The first thing I noticed is that the mask isn't built for people like me (Asian). It took a lot of finagling to get a decent fit on my annoyingly cute nose. Once I did, however, the mask was incredibly comfortable.
Previously, I wore Caraa masks, and I'd get winded just by walking and talking. Those things are insanely restrictive.
Outside in direct sunlight and 90+ degree weather, the thick black mask stayed surprisingly cool and breathable. However, I could feel the moisture from my breath building up inside the mask.
At the gym, I decided to put the Sportsmask through a series of largely impromptu stress tests.
Stretching, unsurprisingly, was easy and comfortable. My breath didn't feel restricted at all. With my heart rate relatively low, the breathability of the mask allowed me to focus on my technique.
Next did bodyweight exercises. While doing pushups, I expected the mask to hang down, but it stayed pretty firmly on my face. Breathing: OK.
After that, I did ab workouts. The mask became slightly more restrictive as I was laying down. I could still breathe easily.
Then, I did some somersaults and fall breaks, as well as some Krav Maga drills. The mask stayed firmly on.
Finally, it was time to test this baby against an elevated heart rate.
I can usually run around a mile to a mile and a half without a mask on. This takes 10-15 minutes, and I don't take breaks.
I set the treadmill to an interval program with a 15-minute timer. I also decided to go at what would normally be a comfortable pace and alternate between a 4 mph resting speed and 5.5 mph challenge speed.
This was my attempt at taking a selfie while running on the treadmill. Don't try this at home, kids.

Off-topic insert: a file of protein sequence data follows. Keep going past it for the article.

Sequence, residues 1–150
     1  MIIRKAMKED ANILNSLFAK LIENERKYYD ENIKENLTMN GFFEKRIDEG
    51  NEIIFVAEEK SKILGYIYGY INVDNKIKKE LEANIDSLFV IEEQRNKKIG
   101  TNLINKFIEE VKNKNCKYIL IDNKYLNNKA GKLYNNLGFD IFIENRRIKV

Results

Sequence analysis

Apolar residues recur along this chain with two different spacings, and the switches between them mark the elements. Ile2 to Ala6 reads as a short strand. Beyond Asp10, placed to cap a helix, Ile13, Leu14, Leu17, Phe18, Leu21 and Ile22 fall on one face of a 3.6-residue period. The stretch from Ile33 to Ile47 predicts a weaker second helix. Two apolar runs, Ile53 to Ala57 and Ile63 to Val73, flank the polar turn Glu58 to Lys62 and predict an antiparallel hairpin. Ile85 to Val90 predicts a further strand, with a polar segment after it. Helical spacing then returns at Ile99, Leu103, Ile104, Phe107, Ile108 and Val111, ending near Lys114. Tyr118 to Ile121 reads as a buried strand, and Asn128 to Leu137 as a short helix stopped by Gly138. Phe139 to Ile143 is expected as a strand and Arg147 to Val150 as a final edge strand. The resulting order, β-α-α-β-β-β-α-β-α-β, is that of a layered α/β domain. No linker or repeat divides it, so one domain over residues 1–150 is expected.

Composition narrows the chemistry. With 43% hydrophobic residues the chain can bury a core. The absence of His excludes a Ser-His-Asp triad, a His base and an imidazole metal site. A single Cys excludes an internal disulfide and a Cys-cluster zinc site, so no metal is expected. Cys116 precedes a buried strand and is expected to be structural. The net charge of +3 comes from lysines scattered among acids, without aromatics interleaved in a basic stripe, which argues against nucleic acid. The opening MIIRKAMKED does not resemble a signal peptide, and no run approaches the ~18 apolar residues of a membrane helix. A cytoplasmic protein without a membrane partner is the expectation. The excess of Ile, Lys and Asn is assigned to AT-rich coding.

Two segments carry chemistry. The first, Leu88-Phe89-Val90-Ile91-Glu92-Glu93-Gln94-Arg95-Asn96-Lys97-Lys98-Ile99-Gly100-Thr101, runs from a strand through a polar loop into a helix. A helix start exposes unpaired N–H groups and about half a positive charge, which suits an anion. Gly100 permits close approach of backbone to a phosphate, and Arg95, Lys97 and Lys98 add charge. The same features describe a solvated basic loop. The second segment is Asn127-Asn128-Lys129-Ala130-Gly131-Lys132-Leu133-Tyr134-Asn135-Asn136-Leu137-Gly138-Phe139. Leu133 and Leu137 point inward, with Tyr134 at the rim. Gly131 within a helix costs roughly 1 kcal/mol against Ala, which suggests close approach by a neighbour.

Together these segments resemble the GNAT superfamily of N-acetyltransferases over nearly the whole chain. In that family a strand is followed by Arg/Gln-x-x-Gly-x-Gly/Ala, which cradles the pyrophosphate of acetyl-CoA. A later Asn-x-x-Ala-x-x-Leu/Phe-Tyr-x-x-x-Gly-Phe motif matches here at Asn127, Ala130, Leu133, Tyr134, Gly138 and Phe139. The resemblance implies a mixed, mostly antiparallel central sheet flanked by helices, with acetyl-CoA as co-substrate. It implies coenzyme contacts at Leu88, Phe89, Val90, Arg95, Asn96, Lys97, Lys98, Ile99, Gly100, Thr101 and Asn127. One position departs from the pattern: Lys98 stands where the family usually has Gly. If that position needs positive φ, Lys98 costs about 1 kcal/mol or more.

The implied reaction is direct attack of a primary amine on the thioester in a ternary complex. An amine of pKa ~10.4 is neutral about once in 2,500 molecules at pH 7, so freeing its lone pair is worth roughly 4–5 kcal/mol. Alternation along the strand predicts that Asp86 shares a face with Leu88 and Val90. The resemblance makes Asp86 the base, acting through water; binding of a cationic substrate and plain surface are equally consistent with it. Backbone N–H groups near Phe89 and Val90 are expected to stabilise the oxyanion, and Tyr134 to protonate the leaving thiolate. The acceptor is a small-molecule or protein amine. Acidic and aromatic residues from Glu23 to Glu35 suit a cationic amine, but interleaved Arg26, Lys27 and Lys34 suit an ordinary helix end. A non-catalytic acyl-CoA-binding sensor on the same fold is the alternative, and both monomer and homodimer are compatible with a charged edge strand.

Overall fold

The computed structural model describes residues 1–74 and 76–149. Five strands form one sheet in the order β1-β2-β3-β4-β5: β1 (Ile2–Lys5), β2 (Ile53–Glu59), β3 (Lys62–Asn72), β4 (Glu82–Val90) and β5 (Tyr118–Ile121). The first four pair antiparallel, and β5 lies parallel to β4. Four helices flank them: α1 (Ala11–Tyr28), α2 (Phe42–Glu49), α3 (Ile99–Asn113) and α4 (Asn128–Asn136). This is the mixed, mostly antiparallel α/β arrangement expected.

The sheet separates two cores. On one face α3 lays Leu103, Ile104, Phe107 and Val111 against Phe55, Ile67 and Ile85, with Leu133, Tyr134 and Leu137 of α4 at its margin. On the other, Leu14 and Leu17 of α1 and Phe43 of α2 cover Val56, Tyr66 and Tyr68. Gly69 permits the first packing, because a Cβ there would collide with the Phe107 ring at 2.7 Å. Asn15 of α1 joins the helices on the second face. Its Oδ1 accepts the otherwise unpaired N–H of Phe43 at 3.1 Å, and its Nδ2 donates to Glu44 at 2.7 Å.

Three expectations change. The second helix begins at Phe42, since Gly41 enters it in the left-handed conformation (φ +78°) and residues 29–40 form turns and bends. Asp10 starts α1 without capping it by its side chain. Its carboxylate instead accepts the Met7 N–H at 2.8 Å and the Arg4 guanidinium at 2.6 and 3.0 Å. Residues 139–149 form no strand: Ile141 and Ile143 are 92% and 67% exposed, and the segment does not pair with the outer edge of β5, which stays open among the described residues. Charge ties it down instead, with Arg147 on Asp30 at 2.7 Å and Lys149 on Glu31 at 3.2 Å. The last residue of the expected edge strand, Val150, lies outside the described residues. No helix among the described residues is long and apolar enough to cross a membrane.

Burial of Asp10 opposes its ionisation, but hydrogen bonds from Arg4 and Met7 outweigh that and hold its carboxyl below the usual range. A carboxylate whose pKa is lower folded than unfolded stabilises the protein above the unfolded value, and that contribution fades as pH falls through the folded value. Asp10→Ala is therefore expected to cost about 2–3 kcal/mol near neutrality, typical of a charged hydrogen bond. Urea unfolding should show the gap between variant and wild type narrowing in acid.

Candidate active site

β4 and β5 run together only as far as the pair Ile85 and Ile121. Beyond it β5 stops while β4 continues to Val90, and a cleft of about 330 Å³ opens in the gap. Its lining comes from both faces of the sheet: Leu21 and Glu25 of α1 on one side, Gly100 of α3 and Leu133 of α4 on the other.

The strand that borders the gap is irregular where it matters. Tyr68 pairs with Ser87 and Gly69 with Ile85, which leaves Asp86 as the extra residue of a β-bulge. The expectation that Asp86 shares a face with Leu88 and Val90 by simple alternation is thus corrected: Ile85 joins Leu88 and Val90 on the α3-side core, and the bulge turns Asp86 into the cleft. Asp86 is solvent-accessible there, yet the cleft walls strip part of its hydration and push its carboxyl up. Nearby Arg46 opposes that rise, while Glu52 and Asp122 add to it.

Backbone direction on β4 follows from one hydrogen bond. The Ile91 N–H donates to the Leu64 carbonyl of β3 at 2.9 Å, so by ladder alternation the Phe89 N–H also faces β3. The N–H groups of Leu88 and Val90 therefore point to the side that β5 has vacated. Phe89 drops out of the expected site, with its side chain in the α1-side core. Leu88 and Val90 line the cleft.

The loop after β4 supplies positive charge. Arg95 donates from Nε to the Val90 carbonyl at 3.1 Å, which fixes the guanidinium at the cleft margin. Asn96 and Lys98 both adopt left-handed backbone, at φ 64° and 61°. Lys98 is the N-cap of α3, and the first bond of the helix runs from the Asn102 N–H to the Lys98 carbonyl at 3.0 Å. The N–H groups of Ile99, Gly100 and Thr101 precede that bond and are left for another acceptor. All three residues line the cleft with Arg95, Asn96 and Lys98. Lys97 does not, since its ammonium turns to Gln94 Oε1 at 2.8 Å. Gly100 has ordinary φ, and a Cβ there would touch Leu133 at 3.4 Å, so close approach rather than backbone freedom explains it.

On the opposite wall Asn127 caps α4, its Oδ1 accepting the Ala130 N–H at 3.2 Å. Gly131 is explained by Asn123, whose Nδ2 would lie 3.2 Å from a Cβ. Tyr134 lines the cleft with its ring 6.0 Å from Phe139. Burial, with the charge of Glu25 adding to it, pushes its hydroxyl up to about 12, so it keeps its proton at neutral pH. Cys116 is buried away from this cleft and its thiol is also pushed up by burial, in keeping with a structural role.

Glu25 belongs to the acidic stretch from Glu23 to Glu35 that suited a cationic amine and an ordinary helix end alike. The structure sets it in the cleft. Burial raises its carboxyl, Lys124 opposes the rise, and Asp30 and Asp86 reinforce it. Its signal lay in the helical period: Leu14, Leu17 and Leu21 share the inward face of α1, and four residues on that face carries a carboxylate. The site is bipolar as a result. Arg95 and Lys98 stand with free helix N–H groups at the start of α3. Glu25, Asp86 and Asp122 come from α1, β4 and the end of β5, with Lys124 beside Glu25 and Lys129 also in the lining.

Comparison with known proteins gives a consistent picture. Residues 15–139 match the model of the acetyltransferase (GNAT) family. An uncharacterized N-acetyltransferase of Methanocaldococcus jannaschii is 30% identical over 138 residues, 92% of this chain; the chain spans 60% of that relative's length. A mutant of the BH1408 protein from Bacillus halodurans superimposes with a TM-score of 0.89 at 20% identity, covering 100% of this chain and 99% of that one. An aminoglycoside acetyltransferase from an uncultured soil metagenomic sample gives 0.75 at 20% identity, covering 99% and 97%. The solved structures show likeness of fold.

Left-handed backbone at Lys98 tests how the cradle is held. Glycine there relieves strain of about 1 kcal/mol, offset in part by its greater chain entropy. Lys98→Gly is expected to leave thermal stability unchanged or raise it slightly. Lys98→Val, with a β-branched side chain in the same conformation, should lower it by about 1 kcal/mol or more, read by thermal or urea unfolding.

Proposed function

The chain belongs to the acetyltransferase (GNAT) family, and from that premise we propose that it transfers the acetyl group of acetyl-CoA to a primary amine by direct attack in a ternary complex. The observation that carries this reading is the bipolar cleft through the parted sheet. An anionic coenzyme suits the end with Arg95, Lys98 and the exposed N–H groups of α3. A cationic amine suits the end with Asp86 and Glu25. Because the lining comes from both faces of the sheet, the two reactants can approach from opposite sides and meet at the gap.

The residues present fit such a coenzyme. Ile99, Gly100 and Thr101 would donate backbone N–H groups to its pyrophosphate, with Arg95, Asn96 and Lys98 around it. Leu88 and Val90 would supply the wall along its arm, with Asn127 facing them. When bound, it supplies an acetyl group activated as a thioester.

Get ready for a bunch of selfies of sweaty, sad Irene. I started to feel a little out of breath a minute and a half in, but pushed forward.
At around three and a half minutes in, I was extremely sweaty, out of breath, and lightheaded. I had to take a break.
Already, I could feel sweat pouring down my face and dripping down the sides of my mouth. After a short rest, I restarted the treadmill and went for another two minutes at a 5 mph pace.
Face soaked and lungs choked, I stopped after running for a total of roughly six minutes — a far cry from my usual 10-15.
Was it because I'm out of shape or was it the mask? I'm gonna go ahead and say that it was at least partially the mask. I felt out of breath but not tired, meaning that at a certain point, the mask did restrict my breathing.
In conclusion . . . No mask is ever going to be as breathable as, well, no mask. But below a certain level of exertion, the Sportsmask comes pretty darn close. I'd wear it to do a less cardio-intensive workout like yoga or weight training, but I wouldn't wear it on a run. That said, there are plenty of people with more powerful lungs than me, who already run, bike, hike, and more with masks less breathable than the Sportsmask. For those people, this mask is a clear step up in terms of comfort over a classic surgical mask or cloth mask. For me, I definitely plan to use the Sportsmask to go on walks, go to the grocery store, and maybe even chase a stranger's puppy around the park. But I'm not taking it back to the gym.